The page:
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Without water

Navajo Nation
the Navajo Nation
the U.S. Water Alliance
State Capitol
Sari Aviv
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Lee Cowan
Loretta Smith
George McGraw
Hattie Avery
Tori Satow
Iris Rose
Ed Evans
Ryan Jensen
Mayra Carrillo
Linda McKinney
Marcus Morgan
Carol Ross

Latino Americans
White Americans
East Orosi

Central Valley

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New York's
Puerto Rico
West Virginia
West Virginia's

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Positivity     47.00%   
   Negativity   53.00%
The New York Times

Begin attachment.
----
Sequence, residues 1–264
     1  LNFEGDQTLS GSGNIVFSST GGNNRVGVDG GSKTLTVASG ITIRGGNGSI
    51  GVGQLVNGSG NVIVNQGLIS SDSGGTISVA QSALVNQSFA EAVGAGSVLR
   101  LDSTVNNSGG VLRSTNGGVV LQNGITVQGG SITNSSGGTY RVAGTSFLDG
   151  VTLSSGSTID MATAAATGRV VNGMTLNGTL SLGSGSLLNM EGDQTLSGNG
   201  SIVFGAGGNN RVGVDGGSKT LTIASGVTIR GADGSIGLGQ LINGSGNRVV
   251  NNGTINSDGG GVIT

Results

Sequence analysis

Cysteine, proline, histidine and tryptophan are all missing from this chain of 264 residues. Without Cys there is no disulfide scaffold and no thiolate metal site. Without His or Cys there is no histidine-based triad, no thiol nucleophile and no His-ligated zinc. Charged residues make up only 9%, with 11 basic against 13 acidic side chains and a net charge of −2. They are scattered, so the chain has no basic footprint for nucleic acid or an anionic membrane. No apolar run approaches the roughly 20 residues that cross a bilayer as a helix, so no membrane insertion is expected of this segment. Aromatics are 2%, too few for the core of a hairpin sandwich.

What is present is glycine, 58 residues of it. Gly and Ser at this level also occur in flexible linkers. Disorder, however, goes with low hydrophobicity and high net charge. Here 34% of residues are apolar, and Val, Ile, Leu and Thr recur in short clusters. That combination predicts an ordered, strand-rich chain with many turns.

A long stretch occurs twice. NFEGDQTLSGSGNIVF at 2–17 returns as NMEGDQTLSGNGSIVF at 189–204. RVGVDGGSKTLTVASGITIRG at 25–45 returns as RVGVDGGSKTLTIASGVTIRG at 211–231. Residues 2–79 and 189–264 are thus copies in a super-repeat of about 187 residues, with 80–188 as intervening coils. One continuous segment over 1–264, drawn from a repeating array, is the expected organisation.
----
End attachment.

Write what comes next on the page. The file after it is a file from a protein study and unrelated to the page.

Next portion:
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And it was the same routine in nearly every other home visited."Most Americans take it completely for granted; they thought this problem was solved a long time ago," said George McGraw, founder and CEO of the non-profit DigDeep.After "Sunday Morning" aired its report on the lack of running water in the Navajo Nation in 2015, McGraw said, "We were getting calls and emails from people across the country saying, 'Oh, like, I live in this town in Mississippi,' or, 'I live in this town in California, and I thought we were the only ones. The results showed that two million Americans – and probably more – are suffering today with no safe running water, or even plumbing, in their homes.McGraw said, "There was one finding from the report that is, I think, truly terrifying, and that's that in six states, and in Puerto Rico, during the time we were studying in the report, those states went backwards in access. It's so common it doesn't even make headlines anymore.Seventy-three-year-old Hattie Avery has lived in this once-booming coal mining town all her life: "You can run the water sometimes, and it's brown as I am, so you know that it can't be safe. Cowan asked, "Is there a sense of urgency about it?""Unfortunately, no."But it's pretty urgent for those hit the hardest; Black and Latino Americans are twice as likely as White Americans to live without running water.Take East Orosi, a mostly Latino community surrounded by the fertile orchards of California's Central Valley. Very upsetting and heartbroken more than anything."WEB EXTRA VIDEO: Mayra Carrillo on the scarcity of lean water:Cowan asked DigDeep's George McGraw, "Is there a thread that runs through all these communities, as to why this is happening?""These communities are our invisible neighbors," said McGraw, "the ones that for whatever reason their neighbors around them didn't want to see, didn't want to look at, didn't want to acknowledge.

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